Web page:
Yes, our certified contractors would be more than willing to assist in the beginning stages of building in order to train individuals.
This will be determined by the design parameters of the building, and in accordance with local building codes.
ICFs have been engineered and built to 48 feet tall (free standing/load bearing).
Standard depth electrical boxes can be cut and fitted directly into the interior foam panel beside a metal or plastic rail by cutting the foam to a 2 ¼” depth (leaving 3/8” foam covering the concrete). Boxes can either be metal or plastic (Nurell® Nylon or other ULC or CUL approved box products). Normally cuts are made using pre-profiled hot knife attachments.
TF system walls have plastic rails that run vertically from the top of the form to the bottom, allowing a fastening strip for mechanical attachments, such as exterior siding, brick ties and drywall. The flange is engineered to withstand high pull out stresses and is designed to keep the materials securely attached for decades. In all cases, most exterior and interior cladding can be installed with common attaching screws.
Most acrylic finishing systems are comprised of a reinforced base coat, optional primer and a 100% acrylic polymer finish. Finishes are available in a limitless color selection and offer performance enhancement options. Exterior acrylic systems are perfectly suited to TF system walls that have exposed exterior foam, as the preparation for applying an acrylic system to the walls requires only rasping the foam before application. Portland cement stucco is also a very durable and can create an endless variety of colors and textures for an exterior of a TF System house or building. When stucco is applied to metal lath, three coats of plaster form a 7/8-inch total thickness. A vapor-permeable, water-resistant building paper separates the plaster and lath from the TF System. It’s a proven system that works in all climates.
Having the right concrete mix design is important to ensure that a project goes smoothly and without incident. In TF System projects, it is recommended that a 3000 psi with a 3/8” smooth aggregate and slump of 5 ½ – 6 be used. However, there have been great advancements in mix design over the past several years that allows one to alter the design mix to provide for better flow and viscosity without increasing hydro-static (or what is commonly referred to as form) pressure. A common mistake individuals make is adding more water to the concrete on the jobsite to the mix to increase the flow and viscosity. Do not do this. If the slump is above 6, it will cause the form pressure to dramatically increase, causing a tear in the foam form. Instead, consider asking for a percentage of fly ash to be added to the mixture prior to delivery to the mix to increase the flow. Not only is it increasing the flow of the mix, it is also reduces the amount of cement in the system allowing for the increased use of recycled product in the project.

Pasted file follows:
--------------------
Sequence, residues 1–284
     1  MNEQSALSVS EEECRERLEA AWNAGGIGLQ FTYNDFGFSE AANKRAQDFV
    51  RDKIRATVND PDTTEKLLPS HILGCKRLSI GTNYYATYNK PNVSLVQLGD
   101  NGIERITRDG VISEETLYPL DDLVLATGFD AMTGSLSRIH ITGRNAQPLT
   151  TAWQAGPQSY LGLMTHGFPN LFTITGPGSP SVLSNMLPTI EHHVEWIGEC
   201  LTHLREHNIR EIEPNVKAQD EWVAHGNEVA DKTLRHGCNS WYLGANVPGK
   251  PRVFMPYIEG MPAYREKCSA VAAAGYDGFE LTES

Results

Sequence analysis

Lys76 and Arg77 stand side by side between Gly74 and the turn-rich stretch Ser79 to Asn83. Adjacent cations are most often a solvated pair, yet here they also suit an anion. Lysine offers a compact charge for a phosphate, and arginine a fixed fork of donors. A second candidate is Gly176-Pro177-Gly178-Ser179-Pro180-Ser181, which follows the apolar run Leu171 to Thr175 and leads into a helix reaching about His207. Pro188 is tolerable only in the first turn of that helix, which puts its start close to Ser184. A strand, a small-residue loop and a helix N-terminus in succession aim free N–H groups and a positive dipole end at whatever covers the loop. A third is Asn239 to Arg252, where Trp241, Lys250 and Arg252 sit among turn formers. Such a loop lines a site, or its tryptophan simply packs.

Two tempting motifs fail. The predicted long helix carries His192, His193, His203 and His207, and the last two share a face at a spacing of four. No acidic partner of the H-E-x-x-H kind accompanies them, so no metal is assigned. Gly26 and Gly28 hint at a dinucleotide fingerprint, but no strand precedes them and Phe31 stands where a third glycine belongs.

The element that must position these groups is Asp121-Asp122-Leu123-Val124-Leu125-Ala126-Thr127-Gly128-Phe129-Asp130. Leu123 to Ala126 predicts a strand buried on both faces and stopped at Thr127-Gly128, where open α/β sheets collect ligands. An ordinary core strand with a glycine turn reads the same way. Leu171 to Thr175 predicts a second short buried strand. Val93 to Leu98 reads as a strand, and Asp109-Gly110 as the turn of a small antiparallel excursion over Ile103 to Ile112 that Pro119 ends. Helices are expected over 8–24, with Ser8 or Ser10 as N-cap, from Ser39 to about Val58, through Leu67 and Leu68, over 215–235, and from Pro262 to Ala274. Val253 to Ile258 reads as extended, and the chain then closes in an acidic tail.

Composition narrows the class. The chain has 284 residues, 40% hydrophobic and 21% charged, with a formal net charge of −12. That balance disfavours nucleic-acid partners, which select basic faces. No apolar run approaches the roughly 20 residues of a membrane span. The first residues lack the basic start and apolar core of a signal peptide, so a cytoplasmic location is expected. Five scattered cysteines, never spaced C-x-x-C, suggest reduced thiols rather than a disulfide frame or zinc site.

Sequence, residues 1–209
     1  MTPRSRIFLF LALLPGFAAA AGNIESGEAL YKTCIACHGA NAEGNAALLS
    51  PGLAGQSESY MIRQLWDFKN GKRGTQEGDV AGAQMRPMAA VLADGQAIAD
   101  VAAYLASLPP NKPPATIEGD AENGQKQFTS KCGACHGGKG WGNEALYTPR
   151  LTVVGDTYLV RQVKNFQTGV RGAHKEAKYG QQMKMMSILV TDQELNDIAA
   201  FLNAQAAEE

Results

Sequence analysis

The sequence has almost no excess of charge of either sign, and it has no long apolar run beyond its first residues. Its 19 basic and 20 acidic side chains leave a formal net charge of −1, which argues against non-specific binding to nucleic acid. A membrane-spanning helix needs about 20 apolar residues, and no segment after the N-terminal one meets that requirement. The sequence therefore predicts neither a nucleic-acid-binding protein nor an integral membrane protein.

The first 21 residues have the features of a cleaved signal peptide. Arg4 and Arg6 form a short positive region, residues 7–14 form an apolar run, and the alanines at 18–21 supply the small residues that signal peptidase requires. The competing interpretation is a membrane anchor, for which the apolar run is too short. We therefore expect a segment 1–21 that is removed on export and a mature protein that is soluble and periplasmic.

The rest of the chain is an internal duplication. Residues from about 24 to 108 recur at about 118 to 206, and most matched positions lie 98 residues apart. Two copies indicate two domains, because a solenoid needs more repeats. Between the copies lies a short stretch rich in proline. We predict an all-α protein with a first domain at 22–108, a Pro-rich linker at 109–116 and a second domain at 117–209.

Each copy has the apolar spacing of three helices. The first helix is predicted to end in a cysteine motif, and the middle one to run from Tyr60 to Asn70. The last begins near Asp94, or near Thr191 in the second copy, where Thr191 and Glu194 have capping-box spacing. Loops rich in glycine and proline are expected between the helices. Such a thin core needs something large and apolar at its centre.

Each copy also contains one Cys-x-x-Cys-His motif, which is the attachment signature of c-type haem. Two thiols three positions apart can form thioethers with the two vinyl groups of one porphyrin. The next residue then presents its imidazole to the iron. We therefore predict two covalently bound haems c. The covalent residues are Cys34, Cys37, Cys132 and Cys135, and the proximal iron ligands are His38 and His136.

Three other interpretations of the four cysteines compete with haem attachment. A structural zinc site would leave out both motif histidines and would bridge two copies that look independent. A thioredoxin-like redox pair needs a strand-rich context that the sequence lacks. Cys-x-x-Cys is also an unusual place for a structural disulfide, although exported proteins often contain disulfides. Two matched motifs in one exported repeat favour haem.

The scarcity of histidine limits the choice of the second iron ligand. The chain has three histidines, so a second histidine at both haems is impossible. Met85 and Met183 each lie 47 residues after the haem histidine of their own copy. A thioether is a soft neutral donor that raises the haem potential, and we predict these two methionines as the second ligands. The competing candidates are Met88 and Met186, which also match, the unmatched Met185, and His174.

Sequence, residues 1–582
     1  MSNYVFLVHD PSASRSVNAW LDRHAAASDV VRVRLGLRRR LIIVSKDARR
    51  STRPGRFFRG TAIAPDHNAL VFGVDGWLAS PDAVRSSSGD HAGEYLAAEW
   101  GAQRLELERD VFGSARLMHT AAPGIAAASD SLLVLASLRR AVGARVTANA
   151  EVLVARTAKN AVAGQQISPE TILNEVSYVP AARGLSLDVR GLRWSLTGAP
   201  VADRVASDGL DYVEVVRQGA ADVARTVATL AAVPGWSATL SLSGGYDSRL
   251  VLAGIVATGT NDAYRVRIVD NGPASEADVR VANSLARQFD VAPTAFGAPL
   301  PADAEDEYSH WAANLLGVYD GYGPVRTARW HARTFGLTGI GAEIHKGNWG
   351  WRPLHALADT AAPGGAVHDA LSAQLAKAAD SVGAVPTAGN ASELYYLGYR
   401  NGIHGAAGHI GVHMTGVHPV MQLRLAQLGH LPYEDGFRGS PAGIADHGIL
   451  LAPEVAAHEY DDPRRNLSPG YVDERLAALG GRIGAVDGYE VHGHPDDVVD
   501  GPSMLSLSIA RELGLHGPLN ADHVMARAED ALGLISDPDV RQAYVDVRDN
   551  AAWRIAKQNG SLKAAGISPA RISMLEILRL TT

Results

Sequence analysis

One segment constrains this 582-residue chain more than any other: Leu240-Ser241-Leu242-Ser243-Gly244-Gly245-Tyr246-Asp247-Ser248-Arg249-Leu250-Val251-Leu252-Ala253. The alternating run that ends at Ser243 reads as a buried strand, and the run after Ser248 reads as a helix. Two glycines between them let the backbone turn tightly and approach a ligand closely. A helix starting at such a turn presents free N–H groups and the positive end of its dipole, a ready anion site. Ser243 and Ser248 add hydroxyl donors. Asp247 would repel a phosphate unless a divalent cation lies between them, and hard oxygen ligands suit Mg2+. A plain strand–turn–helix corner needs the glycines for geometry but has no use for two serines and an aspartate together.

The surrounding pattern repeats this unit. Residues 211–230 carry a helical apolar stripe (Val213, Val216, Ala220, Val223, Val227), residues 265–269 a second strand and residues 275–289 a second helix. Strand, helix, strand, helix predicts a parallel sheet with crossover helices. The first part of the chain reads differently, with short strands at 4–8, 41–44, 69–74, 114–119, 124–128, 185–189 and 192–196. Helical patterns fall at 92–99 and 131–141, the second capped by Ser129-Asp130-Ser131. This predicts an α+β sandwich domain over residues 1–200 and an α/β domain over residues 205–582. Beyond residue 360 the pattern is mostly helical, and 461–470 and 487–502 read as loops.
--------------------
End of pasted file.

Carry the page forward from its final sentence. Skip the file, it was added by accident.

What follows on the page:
Concrete placement TF System walls is best accomplished with a concrete pump, or alternatively from the truck chute or conveyor belt for below grade applications. Field studies have shown that free fall from great distances doesn’t result in concrete segregation nor in reduction in compression strength. In TF System construction, concrete placement will typically begin by placing concrete through opening in the window sill plate. Subsequent placement will take place from the top of the form, in lifts of approximately 4 ft, for a continuous pour to the final wall height. It is recommended to avoid placing concrete too close to corners, openings or thin columns, in order to not unduly stress the forms. A hose reducer with a flex hose is helpful for more precision placement. During the pour, the TF System walls should be monitored for plumb, and the bracing adjusted accordingly.